decomposes at 301 °C
2,4,6-Trinitro-m-Phenylenediamine is very similar to TNT in both its explosive properties and chemical structure. This substance has gone by the name of 2,4,6-trinitro-1,3-diaminobenzene; 2,4,6-trinitrophenylenediamin-(1,3) in German; and 2,4,6-trinitrometaphenylenediamin in French. It was first prepared in 1884 by E. Nölting and A. Collin from esters of styphnic acid and ammonia. Many other procedures were tried over the years with different starting compounds until C.F. van Duin and B.C.R. van Lennep compiled all the others data around 1920 and developed the lab that I have reproduced here.
|ammonium hydroxide||200-mL beaker|
|ethyl alcohol||graduated cylinder|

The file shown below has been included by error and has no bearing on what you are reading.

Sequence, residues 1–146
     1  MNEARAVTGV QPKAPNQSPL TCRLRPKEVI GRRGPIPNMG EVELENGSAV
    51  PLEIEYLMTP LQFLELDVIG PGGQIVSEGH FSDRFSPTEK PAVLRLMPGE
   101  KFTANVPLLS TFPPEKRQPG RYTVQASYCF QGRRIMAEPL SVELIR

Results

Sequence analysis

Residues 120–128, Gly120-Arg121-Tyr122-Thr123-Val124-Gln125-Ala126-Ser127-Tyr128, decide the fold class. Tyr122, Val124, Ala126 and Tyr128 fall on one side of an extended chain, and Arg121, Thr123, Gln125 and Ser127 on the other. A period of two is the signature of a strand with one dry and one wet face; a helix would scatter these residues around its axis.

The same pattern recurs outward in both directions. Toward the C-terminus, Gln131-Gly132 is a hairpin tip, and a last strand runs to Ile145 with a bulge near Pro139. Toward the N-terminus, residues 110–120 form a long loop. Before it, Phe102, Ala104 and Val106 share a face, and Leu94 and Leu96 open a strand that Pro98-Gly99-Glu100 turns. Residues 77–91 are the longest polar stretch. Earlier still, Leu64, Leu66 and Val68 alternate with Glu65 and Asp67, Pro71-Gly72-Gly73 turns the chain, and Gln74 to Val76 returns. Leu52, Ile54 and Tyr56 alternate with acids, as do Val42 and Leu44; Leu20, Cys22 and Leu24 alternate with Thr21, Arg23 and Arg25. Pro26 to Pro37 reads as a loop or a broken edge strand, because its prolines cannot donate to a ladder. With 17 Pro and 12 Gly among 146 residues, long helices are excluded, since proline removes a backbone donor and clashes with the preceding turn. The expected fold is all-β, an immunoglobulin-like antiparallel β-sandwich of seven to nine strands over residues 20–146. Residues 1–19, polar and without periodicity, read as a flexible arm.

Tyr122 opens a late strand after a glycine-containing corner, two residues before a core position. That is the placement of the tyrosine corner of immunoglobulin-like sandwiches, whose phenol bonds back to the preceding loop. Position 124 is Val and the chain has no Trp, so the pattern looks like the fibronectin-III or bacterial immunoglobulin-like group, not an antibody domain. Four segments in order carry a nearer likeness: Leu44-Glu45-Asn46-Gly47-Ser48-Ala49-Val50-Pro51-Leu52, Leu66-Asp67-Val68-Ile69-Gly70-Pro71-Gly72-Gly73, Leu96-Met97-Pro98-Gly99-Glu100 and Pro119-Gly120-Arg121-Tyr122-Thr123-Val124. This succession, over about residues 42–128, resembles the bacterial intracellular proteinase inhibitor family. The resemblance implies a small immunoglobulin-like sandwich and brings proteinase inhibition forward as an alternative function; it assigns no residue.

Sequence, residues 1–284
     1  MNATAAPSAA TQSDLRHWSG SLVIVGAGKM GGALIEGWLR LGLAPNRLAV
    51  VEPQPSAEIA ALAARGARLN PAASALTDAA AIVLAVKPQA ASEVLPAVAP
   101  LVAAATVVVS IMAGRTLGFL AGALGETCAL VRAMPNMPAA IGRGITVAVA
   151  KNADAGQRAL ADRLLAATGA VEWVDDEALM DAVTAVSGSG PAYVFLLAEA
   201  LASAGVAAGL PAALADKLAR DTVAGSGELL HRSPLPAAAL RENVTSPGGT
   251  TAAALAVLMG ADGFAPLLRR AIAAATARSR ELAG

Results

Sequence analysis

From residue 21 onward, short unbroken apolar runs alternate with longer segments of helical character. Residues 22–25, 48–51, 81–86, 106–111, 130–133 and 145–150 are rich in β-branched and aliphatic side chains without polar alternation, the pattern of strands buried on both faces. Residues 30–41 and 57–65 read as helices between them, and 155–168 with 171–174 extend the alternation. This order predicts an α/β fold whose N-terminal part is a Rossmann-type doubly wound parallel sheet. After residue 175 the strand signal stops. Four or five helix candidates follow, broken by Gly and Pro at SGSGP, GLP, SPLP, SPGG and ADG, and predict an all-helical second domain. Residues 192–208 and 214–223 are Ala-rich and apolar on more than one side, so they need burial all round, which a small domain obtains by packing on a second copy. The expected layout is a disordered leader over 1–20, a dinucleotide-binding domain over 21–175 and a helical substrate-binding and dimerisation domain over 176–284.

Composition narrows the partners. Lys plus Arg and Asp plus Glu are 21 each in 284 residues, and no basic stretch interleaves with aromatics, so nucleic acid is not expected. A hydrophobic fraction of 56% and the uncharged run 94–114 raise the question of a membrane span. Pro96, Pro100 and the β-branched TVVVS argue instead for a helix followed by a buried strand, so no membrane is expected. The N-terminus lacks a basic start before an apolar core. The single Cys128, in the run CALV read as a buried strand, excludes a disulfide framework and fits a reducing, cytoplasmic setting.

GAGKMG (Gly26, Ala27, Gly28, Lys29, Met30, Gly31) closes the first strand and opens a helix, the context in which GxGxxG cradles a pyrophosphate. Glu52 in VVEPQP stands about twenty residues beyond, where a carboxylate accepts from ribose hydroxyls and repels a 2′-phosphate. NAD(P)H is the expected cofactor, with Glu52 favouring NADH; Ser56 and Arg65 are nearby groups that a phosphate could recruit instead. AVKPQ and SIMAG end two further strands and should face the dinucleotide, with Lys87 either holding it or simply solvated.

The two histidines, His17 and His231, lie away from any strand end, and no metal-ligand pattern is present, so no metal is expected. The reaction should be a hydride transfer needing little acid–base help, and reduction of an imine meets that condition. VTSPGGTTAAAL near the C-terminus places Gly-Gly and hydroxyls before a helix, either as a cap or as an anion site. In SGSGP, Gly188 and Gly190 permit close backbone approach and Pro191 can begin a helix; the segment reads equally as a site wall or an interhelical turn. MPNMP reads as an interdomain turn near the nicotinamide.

Mix 10 g of finely pulverized trinitro-m-anisidine (or trinitro-m-phenetidine) with 80 mL of 24% ammonium hydroxide in a 200-mL beaker. Allow the mixture to stand for 24 hours at room temperature, shake frequently. Filter the solution to collect the precipitate, wash it with water to remove any ammonia, and boil with ethyl alcohol to remove any non-reacted trinitro-m-anisidine or trinitro-m-phenetidine. You will need a graduated cylinder for measuring liquids, and a stirring rod or magnetic stirrer for mixing.
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